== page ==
Champions Trophy 2017: England deserve to be favourites - Graeme Swann
|Second one-day international, Lord's|
|England 328-6 (50 overs): Morgan 76, Root 73, Bairstow 72*, McCarthy 2-61|
|Ireland 243 all out (46.1 overs): Porterfield 82, Stirling 48, Plunkett 3-21, Root 3-52|
|England won by 85 runs|
England are "justified favourites" for the Champions Trophy on home soil next month, says ex-spinner Graeme Swann.
They beat Ireland by 85 runs at Lord's to complete a 2-0 win - their seventh one-day series victory in two years.
"England have got such a strong-looking squad, especially with the bat," Swann told Test Match Special
"It's not long ago they were being thrashed by everyone and insisting they were playing the right way with their 1970s brand of one-day cricket."
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Swann, who took 104 wickets in 79 one-day internationals, was referring to the 2015 World Cup when Eoin Morgan's team were humbled by a group-stage exit, in which they only won games against minnows Scotland and Afghanistan.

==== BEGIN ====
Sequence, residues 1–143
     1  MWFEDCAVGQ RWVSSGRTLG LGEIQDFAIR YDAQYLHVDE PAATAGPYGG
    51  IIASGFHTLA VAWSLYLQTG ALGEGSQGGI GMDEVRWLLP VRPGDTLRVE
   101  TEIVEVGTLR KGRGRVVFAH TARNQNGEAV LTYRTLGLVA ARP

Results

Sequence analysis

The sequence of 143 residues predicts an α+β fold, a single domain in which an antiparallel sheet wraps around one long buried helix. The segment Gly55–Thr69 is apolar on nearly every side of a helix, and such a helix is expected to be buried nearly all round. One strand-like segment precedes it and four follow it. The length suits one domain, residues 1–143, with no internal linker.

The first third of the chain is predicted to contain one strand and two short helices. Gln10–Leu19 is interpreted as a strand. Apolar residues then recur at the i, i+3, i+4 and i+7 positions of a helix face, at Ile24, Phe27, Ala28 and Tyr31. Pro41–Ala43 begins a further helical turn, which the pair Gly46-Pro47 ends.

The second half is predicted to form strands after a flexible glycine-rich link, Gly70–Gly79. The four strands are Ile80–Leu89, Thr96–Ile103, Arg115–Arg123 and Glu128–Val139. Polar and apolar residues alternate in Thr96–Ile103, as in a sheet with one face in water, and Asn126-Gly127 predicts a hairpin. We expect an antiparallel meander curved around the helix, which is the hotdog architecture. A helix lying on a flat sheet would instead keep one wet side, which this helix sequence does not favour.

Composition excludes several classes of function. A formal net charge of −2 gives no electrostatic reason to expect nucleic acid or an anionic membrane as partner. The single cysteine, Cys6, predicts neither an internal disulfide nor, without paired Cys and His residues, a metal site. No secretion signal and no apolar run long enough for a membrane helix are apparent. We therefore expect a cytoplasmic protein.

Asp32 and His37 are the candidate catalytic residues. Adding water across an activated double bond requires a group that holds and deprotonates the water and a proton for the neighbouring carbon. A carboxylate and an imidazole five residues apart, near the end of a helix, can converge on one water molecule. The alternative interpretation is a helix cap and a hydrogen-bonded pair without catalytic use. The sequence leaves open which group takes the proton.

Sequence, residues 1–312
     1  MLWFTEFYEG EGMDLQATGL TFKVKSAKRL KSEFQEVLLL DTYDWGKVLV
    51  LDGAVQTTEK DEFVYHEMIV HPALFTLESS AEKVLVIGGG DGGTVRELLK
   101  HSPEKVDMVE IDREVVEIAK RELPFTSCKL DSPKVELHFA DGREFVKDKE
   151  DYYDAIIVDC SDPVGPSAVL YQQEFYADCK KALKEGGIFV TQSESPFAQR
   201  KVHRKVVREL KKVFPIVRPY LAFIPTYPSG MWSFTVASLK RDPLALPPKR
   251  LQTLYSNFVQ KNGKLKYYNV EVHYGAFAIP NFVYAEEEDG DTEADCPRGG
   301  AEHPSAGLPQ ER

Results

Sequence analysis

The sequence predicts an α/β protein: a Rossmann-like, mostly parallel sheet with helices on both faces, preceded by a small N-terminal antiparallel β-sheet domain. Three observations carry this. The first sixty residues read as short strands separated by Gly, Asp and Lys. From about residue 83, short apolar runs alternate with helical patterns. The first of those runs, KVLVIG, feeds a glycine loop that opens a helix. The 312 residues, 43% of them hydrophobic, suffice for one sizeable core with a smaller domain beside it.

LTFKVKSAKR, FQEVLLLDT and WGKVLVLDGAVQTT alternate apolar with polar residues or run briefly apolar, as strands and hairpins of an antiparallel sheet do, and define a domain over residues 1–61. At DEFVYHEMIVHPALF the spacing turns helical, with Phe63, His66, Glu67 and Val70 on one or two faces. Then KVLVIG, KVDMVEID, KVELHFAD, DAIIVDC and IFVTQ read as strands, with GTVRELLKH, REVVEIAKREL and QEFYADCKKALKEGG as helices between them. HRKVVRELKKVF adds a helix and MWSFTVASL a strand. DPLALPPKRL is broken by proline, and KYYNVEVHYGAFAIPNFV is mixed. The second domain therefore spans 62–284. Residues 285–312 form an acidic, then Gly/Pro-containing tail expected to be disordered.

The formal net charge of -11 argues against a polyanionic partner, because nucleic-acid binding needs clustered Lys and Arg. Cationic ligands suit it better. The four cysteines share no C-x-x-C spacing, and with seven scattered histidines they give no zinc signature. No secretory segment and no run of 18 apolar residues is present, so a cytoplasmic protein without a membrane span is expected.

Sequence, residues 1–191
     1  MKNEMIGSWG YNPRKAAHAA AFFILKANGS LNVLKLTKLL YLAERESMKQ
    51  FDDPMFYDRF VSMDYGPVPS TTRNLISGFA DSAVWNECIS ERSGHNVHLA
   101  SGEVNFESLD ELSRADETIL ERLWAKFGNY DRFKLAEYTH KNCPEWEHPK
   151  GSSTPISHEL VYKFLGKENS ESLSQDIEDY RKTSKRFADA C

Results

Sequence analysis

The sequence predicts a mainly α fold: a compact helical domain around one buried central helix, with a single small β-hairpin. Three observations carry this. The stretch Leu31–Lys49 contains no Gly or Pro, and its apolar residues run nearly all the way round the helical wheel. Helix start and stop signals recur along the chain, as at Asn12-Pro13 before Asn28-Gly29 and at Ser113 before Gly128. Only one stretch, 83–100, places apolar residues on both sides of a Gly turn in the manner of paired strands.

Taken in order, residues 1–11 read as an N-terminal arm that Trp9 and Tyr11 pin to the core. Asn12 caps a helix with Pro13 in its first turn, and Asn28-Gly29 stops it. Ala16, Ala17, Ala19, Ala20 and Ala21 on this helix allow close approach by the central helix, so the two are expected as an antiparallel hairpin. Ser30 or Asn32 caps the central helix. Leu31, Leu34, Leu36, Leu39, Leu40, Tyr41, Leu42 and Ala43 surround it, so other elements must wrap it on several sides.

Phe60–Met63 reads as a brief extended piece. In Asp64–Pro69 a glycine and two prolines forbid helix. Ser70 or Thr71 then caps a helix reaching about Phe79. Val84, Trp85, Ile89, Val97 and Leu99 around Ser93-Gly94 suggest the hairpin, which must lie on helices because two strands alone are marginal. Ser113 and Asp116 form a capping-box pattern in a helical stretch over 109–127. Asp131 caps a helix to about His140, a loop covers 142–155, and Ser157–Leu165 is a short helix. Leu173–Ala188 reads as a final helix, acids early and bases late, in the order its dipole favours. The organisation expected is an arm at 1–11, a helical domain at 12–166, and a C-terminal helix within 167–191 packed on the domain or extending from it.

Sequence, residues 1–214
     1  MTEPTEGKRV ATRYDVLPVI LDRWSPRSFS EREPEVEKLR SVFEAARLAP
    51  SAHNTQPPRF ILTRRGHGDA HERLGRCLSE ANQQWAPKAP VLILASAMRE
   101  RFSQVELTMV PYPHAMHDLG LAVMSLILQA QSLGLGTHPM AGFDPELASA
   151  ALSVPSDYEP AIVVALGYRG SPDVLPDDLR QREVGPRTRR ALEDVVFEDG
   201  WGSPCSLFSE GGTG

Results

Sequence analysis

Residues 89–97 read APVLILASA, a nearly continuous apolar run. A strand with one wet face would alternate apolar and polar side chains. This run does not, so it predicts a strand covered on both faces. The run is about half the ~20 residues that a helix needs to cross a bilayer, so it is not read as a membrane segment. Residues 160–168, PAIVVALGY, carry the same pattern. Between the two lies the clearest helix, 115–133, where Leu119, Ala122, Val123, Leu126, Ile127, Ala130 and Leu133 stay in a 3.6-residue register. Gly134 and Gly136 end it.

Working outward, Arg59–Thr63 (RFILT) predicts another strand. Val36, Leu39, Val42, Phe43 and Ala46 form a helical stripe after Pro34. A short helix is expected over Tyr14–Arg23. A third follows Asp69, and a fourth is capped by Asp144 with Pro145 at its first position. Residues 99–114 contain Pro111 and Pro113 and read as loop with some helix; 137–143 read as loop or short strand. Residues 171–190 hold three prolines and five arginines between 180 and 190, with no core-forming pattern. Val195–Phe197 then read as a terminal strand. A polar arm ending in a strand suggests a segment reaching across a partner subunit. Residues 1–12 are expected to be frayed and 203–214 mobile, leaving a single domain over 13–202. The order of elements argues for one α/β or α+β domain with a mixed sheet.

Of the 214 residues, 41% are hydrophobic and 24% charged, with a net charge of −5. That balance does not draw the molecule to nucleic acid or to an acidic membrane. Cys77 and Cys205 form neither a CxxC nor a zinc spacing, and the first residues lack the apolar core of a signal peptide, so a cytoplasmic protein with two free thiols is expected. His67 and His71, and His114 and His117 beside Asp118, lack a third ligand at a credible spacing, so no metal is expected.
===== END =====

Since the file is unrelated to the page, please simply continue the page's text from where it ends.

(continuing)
Since then, England have won series against World Cup runners-up New Zealand, Pakistan (twice), Sri Lanka, Bangladesh, West Indies and now Ireland. They only lost to Australia and South Africa by the odd game in five.
They hammered Ireland despite the absence of key men Ben Stokes and Jos Buttler, who are playing in the Indian Premier League.
Swann added: "They have such a strong middle order. Especially when you consider they can bring in Jos Buttler - one of the best in the world - and add him to that middle order and then Ben Stokes, who is arguably the best player in the world in all formats.
"Eoin Morgan and (head coach) Trevor Bayliss ripped up that piece of paper from 2015 and said 'that's nonsense', we'll get the right personnel in, fill them with confidence, back them to the hilt and ask them to try and post 400 when they bat.
"They scored 328 against Ireland and the captain said he felt they were 40 runs short. That's amazing to hear. Not too long ago, England captains and teams of old would have been cock-a-hoop with a score of 328."